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New book explains history behind John Lennon's Strawberry Fields in New York

Strawberry Fields: Central Park's Memorial to John Lennon explains 25-year history behind landmark
Strawberry Fields: Central Park's Memorial to John Lennon explains 25-year history behind landmark

Finally, now more than 25 years after Strawberry Fields in Central Park was opened to the public, the full history behind this special area dedicated to John Lennon has been documented in a new book called "Strawberry Fields: Central Park's Memorial to John Lennon." The book, released earlier this year, is written by Sara Cedar Miller, the official photographer and historian of the Central Park Conservancy.

The 95-page square-shaped book is filled with gorgeous color photos as well as historical documents and black & white photos that chronicle the creation of this memorial to John Lennon. Located across from the Dakota apartment building where Lennon lived with wife Yoko Ono, Strawberry Fields now encompasses the pathways that John and Yoko used to stroll together in the years before Lennon's death in December 1980.

See photos of Strawberry Fields in New York

The idea for 'Strawberry Fields' was conceived by Ono to be an international garden of peace. While the blurb in most travel books states that the famous grey and white marble Imagine mosaic was a gift from the City of Naples, Italy, most do not explain the backstory. In this book, we learn that the mosaic was Yoko's idea and that she "selected an ancient mosaic design found in Naples and placed the word Imagine in the center. The people of Naples were delighted, and artisans were dispatched to Strawberry Fields to inlay the Imagine mosaic medallion, faithfully copying the design Yoko had chosen."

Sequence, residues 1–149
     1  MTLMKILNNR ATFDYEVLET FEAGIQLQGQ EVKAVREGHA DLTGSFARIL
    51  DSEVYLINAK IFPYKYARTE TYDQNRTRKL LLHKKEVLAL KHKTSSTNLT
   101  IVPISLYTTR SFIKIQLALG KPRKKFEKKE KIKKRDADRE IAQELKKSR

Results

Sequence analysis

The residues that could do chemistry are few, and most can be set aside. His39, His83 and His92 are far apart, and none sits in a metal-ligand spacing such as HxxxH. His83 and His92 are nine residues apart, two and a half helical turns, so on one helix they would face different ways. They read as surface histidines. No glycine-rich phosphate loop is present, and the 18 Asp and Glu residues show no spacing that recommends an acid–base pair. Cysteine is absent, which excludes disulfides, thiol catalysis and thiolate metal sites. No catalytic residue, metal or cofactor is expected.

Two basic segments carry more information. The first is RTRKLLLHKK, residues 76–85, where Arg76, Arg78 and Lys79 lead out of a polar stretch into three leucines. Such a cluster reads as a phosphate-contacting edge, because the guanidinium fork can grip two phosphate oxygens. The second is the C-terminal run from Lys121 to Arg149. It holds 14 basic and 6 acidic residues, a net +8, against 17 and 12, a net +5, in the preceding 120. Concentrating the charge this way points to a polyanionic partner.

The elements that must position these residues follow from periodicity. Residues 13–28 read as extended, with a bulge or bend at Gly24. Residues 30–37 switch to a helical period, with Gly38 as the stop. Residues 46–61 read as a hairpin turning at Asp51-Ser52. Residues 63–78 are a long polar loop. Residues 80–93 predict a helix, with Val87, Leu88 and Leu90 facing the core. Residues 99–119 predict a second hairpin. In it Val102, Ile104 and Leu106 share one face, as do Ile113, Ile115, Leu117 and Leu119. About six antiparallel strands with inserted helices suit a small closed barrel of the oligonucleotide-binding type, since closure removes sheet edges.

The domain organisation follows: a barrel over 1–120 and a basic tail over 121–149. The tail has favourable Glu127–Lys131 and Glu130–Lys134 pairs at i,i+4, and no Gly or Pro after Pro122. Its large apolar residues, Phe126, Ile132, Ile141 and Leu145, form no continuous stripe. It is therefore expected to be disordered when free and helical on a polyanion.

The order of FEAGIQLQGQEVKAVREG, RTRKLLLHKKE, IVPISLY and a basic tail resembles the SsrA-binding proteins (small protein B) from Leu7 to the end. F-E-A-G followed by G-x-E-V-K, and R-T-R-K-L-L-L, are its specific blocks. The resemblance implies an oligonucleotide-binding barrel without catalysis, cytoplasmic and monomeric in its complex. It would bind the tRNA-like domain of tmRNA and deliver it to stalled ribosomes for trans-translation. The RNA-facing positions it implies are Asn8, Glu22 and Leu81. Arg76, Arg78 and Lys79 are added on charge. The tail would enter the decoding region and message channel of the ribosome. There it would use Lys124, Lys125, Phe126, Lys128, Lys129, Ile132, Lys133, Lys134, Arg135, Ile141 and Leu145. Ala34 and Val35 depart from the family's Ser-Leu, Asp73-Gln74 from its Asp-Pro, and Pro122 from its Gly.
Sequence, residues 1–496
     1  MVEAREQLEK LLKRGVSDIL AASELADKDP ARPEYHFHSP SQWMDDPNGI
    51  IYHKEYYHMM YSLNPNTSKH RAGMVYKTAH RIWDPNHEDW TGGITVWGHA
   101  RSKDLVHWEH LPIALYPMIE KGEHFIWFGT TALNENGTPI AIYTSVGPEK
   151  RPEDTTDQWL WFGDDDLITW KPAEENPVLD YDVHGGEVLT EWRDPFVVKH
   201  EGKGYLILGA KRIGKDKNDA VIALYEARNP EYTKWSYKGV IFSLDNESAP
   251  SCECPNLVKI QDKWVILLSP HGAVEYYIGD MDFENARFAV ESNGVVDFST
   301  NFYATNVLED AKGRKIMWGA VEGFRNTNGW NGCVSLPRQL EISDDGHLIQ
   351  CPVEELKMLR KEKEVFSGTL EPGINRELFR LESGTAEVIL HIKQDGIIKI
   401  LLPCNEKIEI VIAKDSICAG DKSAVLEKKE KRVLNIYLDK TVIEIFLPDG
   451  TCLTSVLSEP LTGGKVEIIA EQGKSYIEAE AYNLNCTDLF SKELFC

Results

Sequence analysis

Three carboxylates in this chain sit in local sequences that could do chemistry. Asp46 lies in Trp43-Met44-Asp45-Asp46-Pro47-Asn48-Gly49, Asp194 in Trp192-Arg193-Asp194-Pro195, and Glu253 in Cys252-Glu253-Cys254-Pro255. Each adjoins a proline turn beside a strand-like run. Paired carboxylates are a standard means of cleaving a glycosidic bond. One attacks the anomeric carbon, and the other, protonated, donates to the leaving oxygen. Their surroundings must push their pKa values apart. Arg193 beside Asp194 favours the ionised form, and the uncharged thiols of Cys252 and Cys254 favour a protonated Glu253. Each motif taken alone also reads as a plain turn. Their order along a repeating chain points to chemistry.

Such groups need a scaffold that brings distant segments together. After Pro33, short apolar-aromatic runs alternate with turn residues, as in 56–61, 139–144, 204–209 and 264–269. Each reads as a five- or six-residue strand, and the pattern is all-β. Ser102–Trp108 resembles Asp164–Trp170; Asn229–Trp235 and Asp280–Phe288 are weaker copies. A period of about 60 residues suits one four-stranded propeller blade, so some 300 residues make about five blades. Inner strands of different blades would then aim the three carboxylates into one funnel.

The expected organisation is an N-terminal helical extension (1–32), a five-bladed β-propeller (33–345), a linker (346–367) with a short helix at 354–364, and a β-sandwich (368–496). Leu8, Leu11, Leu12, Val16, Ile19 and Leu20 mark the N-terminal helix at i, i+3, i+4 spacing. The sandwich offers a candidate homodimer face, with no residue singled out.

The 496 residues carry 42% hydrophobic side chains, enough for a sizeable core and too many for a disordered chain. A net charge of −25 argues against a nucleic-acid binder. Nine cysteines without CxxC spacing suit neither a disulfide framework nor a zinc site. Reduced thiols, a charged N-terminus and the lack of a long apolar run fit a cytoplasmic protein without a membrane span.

While most people think of the Imagine mosaic section as the major part of Strawberry Fields, there are actually 5.3 acres in total that make up the whole of the area (there is a full map on the back of the book's dust cover). For the landscape design of the area, Yoko worked with landscape architect, Bruce Kelly, to create a fitting memorial to John Lennon that was "more nature than culture."

In August 1981, Ono placed letters in the New York Times and many other newspapers asking for donations from other countries to create this peace garden. Many countries sent native plants; for example, an oak tree from Great Britain, dogwoods from Monaco, tulip bulbs from the Netherlands, maples from Canada, etc. And, of course, strawberries were planted by the Central Park Conservancy.

It was Yoko's intention to continue the world peace sentiment that she and Lennon had initiated in 1969 which included planting an acorn in England and then sending acorns to heads of state around the world. In her 1981 letter, Ono said, "John would have been very proud that this was given to him, an island named after his song, rather than a statue or a monument....It will be nice to have the whole world in one place, one field, living and growing together in harmony."

For Beatles fans as well as fans of Central Park, this book is the perfect souvenir to take home with you after a visit to Strawberry Fields or give as a gift. The book is available online from Barnes and Noble as well as the Central Park gift shop.


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